In one aspect, a first one of the workpieces is a plastic computer housing having at least a top cover and formed of a plastic material such as PCABS. A second workpiece is a metal frame formed of magnesium or magnesium alloy having a plurality of attachment features that can take the form of holes in the metal frame. The metal frame providing support for internal components of a computer assembly placed in the computer housing. The first adhesive can be an epoxy having a cure time of about 12-24 hours and the second adhesive can be a UV cure glue having a cure time of about 5 seconds.

In one embodiment, a method for joining a first and second workpiece together is described. The method can be performed by carrying out at least the following operations. Applying a first adhesive to the first workpiece or the second workpiece at an application region, the first adhesive having an associated first cure time; placing the first and the second workpiece in contact with each other at the application region; applying an externally generated compression force to the first and the second workpieces; applying a second adhesive to at least one of the first and second workpieces at an attachment feature, the second adhesive having an associated cure time substantially less than the first cure time; curing the second adhesive; and removing the externally generated compression force.

Computer readable medium encoded with computer program executed by a processor for controlling a manufacturing process for joining a first and second workpiece together is described. The computer readable medium including computer code for applying a first adhesive to the first workpiece or the second workpiece at an application region, the first adhesive having an associated first cure time; computer code for placing the first and the second workpiece in contact with each other at the application region; computer code for applying an externally generated compression force to the first and the second workpieces; computer code for applying a second adhesive to at least one of the first and second workpieces at an attachment feature, the second adhesive having an associated cure time substantially less than the first cure time; computer code for curing the second adhesive; and computer code for removing the externally generated compression force.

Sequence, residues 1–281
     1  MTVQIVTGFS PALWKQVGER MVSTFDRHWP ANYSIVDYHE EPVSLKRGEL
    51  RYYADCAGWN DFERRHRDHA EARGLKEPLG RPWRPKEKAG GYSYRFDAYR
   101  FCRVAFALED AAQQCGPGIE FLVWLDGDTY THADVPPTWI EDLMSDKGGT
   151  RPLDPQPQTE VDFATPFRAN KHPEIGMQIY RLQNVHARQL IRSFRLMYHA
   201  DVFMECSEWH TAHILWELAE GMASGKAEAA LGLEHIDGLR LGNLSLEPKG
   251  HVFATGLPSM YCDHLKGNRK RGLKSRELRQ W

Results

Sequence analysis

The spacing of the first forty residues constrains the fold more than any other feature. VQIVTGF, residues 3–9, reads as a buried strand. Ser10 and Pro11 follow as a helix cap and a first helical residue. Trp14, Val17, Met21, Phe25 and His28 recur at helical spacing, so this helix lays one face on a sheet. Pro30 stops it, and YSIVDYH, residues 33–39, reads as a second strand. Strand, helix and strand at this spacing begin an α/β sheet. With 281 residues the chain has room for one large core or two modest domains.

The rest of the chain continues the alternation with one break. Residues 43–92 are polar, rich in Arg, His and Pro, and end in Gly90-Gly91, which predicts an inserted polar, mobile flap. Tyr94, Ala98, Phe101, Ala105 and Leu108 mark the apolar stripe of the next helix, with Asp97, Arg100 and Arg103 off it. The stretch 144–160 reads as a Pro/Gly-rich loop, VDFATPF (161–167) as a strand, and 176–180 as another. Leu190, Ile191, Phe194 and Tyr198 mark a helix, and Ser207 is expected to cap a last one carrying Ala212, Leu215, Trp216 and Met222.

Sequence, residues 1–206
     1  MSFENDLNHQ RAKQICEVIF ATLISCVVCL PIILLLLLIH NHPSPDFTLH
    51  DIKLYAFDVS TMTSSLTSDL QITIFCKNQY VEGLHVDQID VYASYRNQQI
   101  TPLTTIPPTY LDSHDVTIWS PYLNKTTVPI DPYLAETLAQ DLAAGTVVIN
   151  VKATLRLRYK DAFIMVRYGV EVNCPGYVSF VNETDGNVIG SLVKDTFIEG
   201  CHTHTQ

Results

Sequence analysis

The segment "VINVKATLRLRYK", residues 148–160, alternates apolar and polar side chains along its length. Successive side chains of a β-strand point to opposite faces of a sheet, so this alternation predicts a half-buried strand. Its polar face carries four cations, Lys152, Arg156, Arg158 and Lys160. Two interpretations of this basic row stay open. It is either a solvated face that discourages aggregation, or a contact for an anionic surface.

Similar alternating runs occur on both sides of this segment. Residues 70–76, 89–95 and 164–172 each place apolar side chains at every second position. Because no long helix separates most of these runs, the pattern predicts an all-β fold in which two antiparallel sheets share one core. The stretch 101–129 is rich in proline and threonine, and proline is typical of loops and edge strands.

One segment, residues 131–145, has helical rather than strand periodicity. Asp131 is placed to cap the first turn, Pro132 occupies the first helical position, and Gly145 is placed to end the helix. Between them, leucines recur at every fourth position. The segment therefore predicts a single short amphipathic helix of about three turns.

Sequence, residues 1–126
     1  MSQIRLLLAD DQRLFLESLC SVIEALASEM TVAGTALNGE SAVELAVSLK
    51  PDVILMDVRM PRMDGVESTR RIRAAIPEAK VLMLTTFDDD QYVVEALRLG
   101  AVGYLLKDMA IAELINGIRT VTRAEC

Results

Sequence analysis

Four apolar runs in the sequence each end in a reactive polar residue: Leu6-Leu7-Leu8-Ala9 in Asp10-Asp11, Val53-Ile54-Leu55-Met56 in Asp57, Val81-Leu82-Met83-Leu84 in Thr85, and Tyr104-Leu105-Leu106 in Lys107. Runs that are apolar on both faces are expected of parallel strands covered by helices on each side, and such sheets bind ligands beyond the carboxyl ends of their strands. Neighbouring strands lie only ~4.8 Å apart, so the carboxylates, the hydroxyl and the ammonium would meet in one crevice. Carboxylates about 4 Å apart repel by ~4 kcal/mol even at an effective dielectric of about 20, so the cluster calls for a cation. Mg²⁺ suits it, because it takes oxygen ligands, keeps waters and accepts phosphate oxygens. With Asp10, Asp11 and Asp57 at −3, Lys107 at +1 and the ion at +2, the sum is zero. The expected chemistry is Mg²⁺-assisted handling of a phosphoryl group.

Other aspects and advantages of the described embodiments will become apparent from the following detailed description taken in conjunction with the accompanying drawings which illustrate, by way of example, the principles of the described embodiments.

BRIEF DESCRIPTION OF THE DRAWINGS

The embodiments will be readily understood by the following detailed description in conjunction with the accompanying drawings, wherein like reference numerals designate like structural elements, and in which:

FIG. 1 shows how in one embodiment describing computer top cover in accordance with the described embodiments.

FIG. 2 shows rear frame in accordance with the described embodiments

FIG. 3 shows representative example of first adhesive applied to rear frame.

FIG. 4 shows rear frame placed in contact with computer housing prior to insertion into compression fixture.

FIG. 5 shows rear frame and computer housing in compression fixture and UV glue applicator in accordance with the described embodiments.

FIG. 6 shows a representative plug created by cured UV glue.

FIG. 7 shows a flowchart detailing a process in accordance with the embodiments.

DETAILED DESCRIPTION OF SELECTED EMBODIMENTS

Reference will now be made in detail to representative embodiments illustrated in the accompanying drawings. It should be understood that the following descriptions are not intended to limit the embodiments to one preferred embodiment. To the contrary, it is intended to cover alternatives, modifications, and equivalents as may be included within the spirit and scope of the described embodiments as defined by the appended claims.